InnerSource Commons Spring Summit 2019, Galway, Ireland

The InnerSource Commons Spring Summit 2019 was held on 9-11 April 2019 in Galway, Ireland, to encourage InnerSource practitioners to share their experiences and to collaborate together.

An InnerSource approach to development of internal and proprietary software aims to apply open source principals of working between different teams within an organisation, rather than publicly in the open.

Below are some highlights and common themes from the sessions, which are covered by the Chatham House Rule:

  • The aim of InnerSource is to develop a product globally within an organisation, getting teams to collaborate across different business units, locations and timezones, reuse code and build higher quality products.
  • Lack of user adoption: there was discussion about how some organisations were building more internal services via Innersource, however there was a lack of users. Often, InnerSource Champions play a key role in driving the InnerSource initivatives, as they love open source, being innovative and helping others. However, the majority of the individuals in the organisation did not have the same enthusiasm and see the same value. Suggestions to increase adoption included better marketing of InnerSource benefits and management encouragement of their teams to participate.
  • Culture: one of the key benefits of InnerSourcing is to improve communication and collaboration between teams. There’s lots of talk about it, and some successes between a few groups, but in reality most organisations are not there yet. It was agreed this is a common issue that is not easy to improve. It takes time.
  • InnerSource lacks openness: Someone was telling the group about what their organisation had done and achieved and then said “The best things I can’t tell you, because it’s internal”. Several people showed some really useful and cool looking internal dashboards they had built. Each time when asked if the dashboards could be shared, the answer was no, however some teams would look to see if they could be open sourced. This is a real shame and hinders external sharing and collaboration.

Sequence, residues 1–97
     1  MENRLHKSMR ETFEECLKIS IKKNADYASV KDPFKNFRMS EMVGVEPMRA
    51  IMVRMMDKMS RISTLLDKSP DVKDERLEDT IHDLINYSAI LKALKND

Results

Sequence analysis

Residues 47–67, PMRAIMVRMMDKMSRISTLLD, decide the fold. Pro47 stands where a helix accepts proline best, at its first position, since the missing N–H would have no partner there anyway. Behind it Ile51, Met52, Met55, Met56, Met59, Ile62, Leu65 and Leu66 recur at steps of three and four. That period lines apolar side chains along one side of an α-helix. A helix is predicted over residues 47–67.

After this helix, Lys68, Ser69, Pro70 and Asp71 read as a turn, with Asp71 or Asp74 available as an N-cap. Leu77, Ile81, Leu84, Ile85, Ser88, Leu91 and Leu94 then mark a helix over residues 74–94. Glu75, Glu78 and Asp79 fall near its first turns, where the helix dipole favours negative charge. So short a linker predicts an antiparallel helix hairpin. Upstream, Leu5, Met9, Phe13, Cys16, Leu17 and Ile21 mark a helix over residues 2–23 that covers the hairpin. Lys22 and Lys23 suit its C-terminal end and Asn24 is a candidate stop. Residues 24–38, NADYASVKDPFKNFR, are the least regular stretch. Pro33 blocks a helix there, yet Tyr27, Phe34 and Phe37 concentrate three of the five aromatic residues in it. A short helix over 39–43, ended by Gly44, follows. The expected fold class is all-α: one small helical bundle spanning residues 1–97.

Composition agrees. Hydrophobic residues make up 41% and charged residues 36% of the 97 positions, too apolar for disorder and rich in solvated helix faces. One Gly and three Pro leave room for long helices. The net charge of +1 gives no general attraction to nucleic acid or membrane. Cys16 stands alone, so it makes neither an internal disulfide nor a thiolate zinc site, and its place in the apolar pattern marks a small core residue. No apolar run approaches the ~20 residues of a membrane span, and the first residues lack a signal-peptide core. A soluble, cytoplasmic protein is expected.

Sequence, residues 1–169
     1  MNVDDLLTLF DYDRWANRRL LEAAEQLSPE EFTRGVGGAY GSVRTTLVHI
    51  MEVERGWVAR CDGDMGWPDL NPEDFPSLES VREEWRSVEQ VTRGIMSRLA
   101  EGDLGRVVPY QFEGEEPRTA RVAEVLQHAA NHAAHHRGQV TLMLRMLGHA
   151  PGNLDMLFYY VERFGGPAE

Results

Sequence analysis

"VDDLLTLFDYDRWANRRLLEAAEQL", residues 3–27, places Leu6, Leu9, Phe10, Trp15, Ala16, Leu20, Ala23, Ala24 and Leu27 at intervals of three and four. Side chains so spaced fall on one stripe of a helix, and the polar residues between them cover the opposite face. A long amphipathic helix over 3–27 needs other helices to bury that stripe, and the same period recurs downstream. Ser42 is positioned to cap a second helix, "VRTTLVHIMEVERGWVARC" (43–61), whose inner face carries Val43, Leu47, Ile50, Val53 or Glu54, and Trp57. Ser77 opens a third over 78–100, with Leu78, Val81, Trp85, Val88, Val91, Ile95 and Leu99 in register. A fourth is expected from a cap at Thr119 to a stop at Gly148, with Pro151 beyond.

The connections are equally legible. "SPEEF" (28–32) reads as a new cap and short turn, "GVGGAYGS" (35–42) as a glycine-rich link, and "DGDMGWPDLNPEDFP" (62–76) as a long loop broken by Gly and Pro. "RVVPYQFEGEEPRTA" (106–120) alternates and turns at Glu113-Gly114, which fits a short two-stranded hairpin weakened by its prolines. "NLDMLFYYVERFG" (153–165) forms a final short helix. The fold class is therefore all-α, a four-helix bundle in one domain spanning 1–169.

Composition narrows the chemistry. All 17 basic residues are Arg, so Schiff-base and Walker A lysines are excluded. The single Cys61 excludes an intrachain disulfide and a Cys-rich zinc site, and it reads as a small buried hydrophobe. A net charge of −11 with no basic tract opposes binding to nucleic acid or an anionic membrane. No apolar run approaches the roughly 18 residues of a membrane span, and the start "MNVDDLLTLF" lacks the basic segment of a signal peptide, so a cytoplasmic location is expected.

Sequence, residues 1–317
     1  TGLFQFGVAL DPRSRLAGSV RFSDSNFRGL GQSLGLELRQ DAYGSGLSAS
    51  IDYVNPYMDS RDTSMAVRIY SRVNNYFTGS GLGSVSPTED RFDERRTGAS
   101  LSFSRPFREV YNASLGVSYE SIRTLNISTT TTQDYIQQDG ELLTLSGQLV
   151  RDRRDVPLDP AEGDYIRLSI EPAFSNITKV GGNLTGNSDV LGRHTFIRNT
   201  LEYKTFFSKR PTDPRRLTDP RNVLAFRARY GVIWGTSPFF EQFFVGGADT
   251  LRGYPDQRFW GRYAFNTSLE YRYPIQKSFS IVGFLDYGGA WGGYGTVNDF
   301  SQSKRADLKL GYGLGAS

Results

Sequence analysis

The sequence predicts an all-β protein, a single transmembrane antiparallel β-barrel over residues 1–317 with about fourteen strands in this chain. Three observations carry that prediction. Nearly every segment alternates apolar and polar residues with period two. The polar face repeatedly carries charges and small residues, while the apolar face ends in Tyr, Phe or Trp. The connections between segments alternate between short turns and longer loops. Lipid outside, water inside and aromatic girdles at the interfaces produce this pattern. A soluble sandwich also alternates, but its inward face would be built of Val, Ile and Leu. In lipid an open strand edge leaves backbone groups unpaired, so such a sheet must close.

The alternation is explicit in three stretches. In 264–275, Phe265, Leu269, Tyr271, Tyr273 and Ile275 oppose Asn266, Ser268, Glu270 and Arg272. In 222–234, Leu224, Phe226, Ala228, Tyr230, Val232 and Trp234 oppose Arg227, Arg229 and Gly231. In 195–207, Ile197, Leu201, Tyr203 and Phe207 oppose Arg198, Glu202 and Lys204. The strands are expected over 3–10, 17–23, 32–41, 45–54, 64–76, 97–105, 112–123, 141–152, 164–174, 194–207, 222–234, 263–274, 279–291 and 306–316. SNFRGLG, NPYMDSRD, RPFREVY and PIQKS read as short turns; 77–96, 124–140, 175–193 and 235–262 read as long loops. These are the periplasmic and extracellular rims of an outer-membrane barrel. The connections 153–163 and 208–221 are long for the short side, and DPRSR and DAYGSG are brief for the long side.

• What’s the ROI / value of InnerSourcing: One of the key value propositions is to get business units collaborating, however it is very hard to measure. Other benefits include reduced development costs, accelerated learning and becoming a more attractive employer.
  • Legal/Tax issues: there are issues creating InnerSource licenses within an organsation in different regions and with partners as part of addressing transfer pricing. Transfer pricing is the pricing of goods, services and intellectual property (including software code) as it is sold / moves between or among legal entities within the same holding company. It is a taxable event, where there is currently insufficient international guidance. Transfer pricing is a common issue for organisations doing InnerSource, which involves a lot of time and effort to address.
  • Short term vs long term thinking: some organisations regret doing what was easy and saved costs at the time as now there are limitations to scale and take things forward, like when one organisation chose a platform and now can’t easily switch to Github due to dependencies. So be careful of how you make decisions and what choices you make.
  • Employee burnout: InnerSource can be very demanding and time consuming. Many people are passionate, in it for the community and find it difficult to say no when people want their expertise. More attention needs to be placed on employee wellbeing.
  • The end goal of InnerSource should be to Open Source.

I spoke at the event about an Open Source Maturity Assessment (OSMA), that looks at an organisation’s Open Source usage. It helps an organisation to understand their current maturity regarding their knowledge, adoption and ability to effectively utilize Open Source technologies within their organisation. The assessment itself is Open Source and the code can be found at https://github.com/boogiespook/osma. It is a simple LAMP stack, allowing questions and responses to be customised for an organisation. If you would like to contribute, please submit pull requests and/or create some issues.

Attending the event was very worthwhile. It was great to have discussions with a friendly smart community and finding out about the successes and the challenges. The attendees were a mixture of universities, organisations implementing or considering implementing InnerSource, vendors and other.

As always, the Irish hospitality didn’t disappoint. Thanks a million!

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